All you do is mix all of your wet ingredients in one bowl, dry in another.  Then, slowly incorporate the dry into the wet: 


To round things out, I stirred in the zest of one orange and 1/2 cup of cranberries after I assembled the batter, be careful not to stir too much our your batter will become tough:


I then used my trusty ice cream scoop to pour the batter into a well greased muffin pan (I even grease the tops to aid in clean up):


Then of course, I sprinkled some of the struesel onto the top of each muffin before placing them into a 350 degree oven for about half an hour (or until a toothpick comes out clean):


While the muffins baked, I worked on the orange butter.  All you need is 5 tablespoons of softened sweet cream butter and 7 teaspoons of orange marmalade (or use any fruit preserve or marmalade that you like, I made orange butter to compliment the muffins).


Cut the butter into pats and toss it into a food processor (or mini prep) until the butter and marmalade have become one.  Scoop your butter into a container and put it in the fridge to set up. 


After about half an hour plus cooling time, this is what my first muffins from scratch looked like, sexy don't you think?:


I took them to work the next day and they were a hit, everyone raved about how fresh the muffins and butter tasted. Plus! When I told everyone I made the muffins from scratch, they were more than impressed which was a nice ego boost, especially since I do not normally bake from scratch.

So I beg you, go out and buy Ratio!  This book is amazing as it will show you what professional chefs have known for years:  Learn ratios, not recipes.  Once you learn these basic proportions you really can cook or bake whatever you like from scratch, and truly make it you own making you a culinary rock star.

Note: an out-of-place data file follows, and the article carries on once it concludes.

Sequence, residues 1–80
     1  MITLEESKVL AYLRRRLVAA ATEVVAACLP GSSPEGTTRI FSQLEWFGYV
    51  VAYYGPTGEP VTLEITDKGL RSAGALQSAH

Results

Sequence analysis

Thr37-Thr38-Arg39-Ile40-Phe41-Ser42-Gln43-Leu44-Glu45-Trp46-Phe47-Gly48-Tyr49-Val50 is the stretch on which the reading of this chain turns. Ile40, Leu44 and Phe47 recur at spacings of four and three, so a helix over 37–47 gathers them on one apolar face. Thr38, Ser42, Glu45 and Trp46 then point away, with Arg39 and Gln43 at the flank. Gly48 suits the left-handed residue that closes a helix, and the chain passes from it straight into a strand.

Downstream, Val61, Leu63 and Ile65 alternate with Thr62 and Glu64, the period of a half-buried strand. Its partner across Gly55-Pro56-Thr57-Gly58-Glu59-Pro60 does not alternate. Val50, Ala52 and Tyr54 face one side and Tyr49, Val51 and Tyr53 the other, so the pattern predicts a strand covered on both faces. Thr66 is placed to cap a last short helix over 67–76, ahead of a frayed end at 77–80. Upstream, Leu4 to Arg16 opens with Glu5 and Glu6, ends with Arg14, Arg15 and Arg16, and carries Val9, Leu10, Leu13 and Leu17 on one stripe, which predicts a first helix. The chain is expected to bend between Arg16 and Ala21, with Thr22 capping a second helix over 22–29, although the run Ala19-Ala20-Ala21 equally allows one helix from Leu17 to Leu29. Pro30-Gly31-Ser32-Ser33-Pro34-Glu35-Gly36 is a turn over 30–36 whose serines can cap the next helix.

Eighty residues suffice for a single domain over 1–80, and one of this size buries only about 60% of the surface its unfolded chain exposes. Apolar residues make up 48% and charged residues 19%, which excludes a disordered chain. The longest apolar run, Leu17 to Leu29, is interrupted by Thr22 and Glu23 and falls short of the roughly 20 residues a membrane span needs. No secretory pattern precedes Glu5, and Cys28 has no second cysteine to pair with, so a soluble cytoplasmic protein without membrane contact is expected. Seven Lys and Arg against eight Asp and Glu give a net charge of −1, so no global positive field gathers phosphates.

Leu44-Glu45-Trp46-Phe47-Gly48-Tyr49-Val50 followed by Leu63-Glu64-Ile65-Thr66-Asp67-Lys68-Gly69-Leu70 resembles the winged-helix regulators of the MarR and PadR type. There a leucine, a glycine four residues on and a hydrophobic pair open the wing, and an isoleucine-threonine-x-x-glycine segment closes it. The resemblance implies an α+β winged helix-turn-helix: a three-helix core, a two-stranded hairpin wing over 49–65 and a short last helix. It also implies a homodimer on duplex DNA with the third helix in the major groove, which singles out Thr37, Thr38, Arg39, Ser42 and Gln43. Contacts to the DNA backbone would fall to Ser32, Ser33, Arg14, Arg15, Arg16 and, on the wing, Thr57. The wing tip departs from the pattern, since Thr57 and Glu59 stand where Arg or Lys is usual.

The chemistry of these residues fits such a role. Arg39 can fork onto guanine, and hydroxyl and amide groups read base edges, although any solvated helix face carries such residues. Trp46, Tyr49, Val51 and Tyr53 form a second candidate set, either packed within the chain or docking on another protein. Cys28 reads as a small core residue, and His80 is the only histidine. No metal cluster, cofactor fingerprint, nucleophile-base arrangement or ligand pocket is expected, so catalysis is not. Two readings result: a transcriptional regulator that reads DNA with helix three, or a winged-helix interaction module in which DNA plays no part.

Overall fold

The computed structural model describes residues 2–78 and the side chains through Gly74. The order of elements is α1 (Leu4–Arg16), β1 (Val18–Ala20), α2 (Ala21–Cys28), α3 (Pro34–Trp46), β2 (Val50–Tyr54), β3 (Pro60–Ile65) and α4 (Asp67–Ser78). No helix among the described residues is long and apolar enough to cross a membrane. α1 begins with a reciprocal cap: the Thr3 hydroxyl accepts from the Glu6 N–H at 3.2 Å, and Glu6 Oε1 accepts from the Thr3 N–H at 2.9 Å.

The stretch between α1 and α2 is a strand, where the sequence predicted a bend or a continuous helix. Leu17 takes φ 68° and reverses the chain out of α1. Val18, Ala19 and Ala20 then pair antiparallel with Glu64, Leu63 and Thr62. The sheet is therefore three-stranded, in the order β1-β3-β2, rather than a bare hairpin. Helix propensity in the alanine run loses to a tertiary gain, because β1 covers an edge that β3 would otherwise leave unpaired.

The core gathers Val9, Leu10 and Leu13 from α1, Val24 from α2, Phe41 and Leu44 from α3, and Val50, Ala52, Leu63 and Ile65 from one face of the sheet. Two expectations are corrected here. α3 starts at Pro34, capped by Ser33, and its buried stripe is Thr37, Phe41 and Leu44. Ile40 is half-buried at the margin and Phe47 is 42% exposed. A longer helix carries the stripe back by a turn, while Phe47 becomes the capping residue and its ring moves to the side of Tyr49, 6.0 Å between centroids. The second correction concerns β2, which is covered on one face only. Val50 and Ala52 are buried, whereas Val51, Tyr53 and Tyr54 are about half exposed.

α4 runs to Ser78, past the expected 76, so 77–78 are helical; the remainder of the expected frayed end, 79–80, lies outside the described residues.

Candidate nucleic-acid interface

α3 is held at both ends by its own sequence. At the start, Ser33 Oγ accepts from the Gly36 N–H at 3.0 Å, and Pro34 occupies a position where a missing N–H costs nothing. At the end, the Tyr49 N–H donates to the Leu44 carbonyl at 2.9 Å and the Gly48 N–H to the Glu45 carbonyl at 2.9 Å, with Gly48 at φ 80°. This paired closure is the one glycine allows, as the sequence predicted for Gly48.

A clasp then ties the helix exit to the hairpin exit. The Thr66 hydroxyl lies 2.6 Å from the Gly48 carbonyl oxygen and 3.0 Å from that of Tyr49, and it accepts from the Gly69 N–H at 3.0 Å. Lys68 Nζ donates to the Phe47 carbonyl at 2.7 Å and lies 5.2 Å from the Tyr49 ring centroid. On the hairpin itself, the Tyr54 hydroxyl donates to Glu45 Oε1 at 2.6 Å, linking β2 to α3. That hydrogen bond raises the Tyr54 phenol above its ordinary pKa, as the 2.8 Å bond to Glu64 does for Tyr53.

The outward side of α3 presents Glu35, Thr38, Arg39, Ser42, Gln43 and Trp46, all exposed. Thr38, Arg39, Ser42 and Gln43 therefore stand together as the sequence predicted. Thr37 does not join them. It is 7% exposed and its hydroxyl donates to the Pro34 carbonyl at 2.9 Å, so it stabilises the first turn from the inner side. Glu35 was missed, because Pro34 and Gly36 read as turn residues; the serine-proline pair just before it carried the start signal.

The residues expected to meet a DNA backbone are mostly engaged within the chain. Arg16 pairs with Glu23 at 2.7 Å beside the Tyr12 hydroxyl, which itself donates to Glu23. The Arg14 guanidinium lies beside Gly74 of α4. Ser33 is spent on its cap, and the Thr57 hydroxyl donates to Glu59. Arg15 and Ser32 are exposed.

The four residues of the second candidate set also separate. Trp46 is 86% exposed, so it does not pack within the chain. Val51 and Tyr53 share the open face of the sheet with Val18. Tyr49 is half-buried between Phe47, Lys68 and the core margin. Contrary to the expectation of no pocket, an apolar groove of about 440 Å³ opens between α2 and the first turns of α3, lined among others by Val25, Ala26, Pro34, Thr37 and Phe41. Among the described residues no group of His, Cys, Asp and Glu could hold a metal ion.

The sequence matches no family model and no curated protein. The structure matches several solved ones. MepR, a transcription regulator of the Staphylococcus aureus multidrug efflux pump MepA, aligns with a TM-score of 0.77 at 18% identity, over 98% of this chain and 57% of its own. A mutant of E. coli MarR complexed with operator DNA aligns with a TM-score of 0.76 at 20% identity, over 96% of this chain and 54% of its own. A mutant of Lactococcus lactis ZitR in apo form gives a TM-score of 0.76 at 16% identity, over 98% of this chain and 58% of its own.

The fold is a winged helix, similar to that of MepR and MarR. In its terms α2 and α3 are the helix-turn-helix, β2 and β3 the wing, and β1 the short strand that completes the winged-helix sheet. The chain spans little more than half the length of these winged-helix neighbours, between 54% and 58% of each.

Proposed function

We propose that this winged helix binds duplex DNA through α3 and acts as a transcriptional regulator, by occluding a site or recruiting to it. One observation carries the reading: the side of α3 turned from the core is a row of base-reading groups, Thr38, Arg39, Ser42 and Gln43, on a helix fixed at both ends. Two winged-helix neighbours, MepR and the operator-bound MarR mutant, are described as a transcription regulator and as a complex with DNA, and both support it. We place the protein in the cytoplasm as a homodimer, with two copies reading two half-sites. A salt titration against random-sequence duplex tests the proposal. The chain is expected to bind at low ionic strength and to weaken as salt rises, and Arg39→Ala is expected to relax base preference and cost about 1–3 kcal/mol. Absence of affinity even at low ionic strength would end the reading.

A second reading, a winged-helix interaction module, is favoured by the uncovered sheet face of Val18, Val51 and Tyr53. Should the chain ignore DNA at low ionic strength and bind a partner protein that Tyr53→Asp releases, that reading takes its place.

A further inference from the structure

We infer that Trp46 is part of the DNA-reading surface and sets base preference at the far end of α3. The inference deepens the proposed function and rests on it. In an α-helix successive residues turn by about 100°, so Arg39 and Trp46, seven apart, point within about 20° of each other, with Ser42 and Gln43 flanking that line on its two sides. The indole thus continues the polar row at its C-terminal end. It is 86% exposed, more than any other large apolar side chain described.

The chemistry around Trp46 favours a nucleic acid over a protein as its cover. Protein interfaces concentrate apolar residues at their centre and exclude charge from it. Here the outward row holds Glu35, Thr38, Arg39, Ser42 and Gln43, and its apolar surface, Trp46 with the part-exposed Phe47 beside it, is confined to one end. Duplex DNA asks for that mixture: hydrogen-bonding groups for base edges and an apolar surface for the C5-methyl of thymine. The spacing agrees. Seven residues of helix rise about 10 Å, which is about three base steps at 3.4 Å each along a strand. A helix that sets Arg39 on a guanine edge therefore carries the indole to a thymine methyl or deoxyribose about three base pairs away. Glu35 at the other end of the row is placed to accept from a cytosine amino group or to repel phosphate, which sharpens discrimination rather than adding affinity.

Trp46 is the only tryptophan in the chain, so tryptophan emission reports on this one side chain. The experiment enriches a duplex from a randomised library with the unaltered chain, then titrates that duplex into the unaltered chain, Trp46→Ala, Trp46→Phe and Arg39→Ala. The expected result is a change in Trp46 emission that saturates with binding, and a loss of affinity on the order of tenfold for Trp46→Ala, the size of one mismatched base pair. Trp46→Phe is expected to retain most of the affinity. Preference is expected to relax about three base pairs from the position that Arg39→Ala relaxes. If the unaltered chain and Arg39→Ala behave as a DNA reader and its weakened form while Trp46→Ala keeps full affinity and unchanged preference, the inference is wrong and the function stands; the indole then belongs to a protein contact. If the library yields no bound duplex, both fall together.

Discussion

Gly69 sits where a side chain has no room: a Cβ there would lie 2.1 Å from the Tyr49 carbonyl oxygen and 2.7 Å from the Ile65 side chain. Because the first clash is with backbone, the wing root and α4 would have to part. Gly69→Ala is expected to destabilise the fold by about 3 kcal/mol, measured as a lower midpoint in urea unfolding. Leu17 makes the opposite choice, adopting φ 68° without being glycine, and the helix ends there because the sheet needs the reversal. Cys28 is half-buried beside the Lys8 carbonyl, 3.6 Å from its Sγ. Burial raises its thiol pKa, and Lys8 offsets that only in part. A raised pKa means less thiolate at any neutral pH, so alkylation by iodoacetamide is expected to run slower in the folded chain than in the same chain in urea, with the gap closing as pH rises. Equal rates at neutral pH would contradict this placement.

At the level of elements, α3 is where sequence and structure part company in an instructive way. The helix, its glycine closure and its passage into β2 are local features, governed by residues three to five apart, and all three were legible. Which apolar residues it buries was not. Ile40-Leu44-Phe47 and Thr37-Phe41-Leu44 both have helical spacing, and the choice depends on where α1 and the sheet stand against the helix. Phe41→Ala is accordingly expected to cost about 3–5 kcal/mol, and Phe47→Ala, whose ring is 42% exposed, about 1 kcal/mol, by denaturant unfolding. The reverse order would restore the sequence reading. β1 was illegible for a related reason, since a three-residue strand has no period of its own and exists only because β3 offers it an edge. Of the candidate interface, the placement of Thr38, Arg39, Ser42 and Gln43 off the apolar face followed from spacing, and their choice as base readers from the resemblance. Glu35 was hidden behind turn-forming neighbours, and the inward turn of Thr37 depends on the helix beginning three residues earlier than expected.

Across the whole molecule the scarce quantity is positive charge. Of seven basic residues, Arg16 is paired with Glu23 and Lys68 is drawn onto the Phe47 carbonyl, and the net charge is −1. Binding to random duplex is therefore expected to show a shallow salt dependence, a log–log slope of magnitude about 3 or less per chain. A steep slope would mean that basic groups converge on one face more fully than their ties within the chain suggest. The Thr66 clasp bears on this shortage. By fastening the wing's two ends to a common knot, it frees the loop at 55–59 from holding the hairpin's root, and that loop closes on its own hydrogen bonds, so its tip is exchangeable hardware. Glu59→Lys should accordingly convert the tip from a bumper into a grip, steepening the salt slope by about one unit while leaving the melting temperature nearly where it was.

PS:  If you haven't already, please check out my entry for Challenge #2 of Project Food Blog.  If you dig it, be sure to vote for Fro and a Fork to advance! Voting closes TOMORROW, September 30th at 9 PM (Eastern), 6 PM (Pacific).

10 comments:

  1. My math-geek husband would love this! And I love the thought of learning these "ratios" too. I'm glad I stumbled on your blog tonight. Not only did you share a delicious and creative muffin, but your making me think about baking in a new way!

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  2. Those muffins sure are sexy! I love the flavor combo you chose. I've been wanting to check out that book for a while now, I'll get around to it sometime soon!

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  3. Monet and Jeanne, Ratio is super awesome I am newly inspired to try all sorts of shenanigans without fear of consequence :)

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  4. I'm a closet math geek (looking for ratios in the floorboards) and this totally speaks to me! Thanks so much for the recommendation - I'm actually going to go buy this book today. Peter Barham's 'The Science of Cooking' is also on my reading list, so I'll follow your lead and do a book review when I've bought that one.